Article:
Supply and demand govern almost all of the prices that consumers face in the market. But there are factors behind the scenes that artificially alter elements of supply or demand, changing the ultimate price that we see. This may be regulatory hurdles and permits, foreign wars and supply chain pressures, or other factors. But one of the reasons for rising energy costs in particular is lawfare and organized opposition.
Lawfare is generally used to describe legal action to punish, penalize, or block some activity that is not necessarily unlawful. It is often used to describe the activity of activists with political or ideological opposition to a particular project, and achieved through lawsuits, complaints, or challenges to permits (even once they are approved). In the energy space, the most common type of lawfare is directed at pipelines.
Pipelines are a piece of transportation infrastructure. They are used to move a product. When the cost to transport a good is increased, some portion of the cost is passed along so that the good itself costs more. In this case, the good moving through pipelines is oil and gas, which adds upward pressure on energy costs down the line.
A current example of this is the Mountain Valley Pipeline (MVP), which has faced years of organized opposition in multiple states. While the merits of the project are not discussed here, the costs are an objective measure that is commonly reported. Individuals across the ideological spectrum can see this trend and should know its impact.
When the MVP was first proposed, it was projected to cost around $3 billion. This 303-mile pipeline makes headlines almost every week, very often for opposite sides of the same issue: permits challenged then permits upheld. Reported along with almost every one of these developments is the cost of the pipeline, a sort of journalist convention for large-scale projects. In the same way as headlines report on it as the “303-mile pipeline” they will often gain readers’ attention by identifying it as “the $3 billion pipeline,” for instance.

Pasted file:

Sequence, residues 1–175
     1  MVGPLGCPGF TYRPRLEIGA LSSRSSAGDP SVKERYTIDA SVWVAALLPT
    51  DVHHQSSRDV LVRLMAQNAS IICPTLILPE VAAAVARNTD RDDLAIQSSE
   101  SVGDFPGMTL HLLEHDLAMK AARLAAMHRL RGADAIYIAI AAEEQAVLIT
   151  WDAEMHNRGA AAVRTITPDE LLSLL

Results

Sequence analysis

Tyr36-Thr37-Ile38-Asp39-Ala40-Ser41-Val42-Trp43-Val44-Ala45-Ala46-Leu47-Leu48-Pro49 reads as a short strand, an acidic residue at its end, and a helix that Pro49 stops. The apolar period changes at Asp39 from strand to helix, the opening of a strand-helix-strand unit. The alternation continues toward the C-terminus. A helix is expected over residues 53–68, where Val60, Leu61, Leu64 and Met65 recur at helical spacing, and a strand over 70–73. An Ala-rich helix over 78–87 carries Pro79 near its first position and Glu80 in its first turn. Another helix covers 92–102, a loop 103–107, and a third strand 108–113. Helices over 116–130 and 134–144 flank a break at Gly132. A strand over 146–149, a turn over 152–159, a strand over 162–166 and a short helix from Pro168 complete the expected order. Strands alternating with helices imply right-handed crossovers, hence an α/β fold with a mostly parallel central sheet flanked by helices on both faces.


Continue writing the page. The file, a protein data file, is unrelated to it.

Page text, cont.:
Eagle-eyed readers may notice that over time, the projected cost continues to rise, tracking perfectly with the onslaught of lawsuits, new studies ordered, permits rejected, new plans submitted, and more. In other words, while inflation and material costs likely have a very legitimate influence on the project rising in cost since its initial estimate over six years ago, one major reason for the rising cost of this particular pipeline is constant legal opposition.
May 2017 – reported as
Sept 2018 – reported as
Oct 2019 – reported as
Nov 2020 – reported as
April 2021 – reported as
May 2023 – reported as
While many reporters cite different exact costs across time, these reported estimates reflect the trend. As challenges continue, costs rise. Some of these increased costs may very well be the result of underestimating the original project cost or may even be the result of needed and beneficial improvements in equipment and materials used.
The fact that the cost is rising is not itself definitive evidence that legal action is harmful – again, some challenges may positively impact the communities or ensure the project adequately mitigates risks. However, the scale of costs and clear correlation between litigation and organized opposition and costs does require attention. This project may double in cost before it is completed, which will directly impact the energy costs faced by consumers.
For this and similar projects, policymakers should be keenly aware of the impact to consumers of allowing continual lawfare. Not every project should be approved, and oversight is important throughout a project, but there is a difference between improving a project and seeking to destroy it. Lawfare is used for the latter and the result is higher energy costs.
Written by Benjamin Dierker, Executive Director
The Alliance for Innovation and Infrastructure (Aii) is an independent, national research and educational organization. An innovative think tank, Aii explores the intersection of economics, law, and public policy in the areas of climate, damage prevention, energy, infrastructure, innovation, technology, and transportation.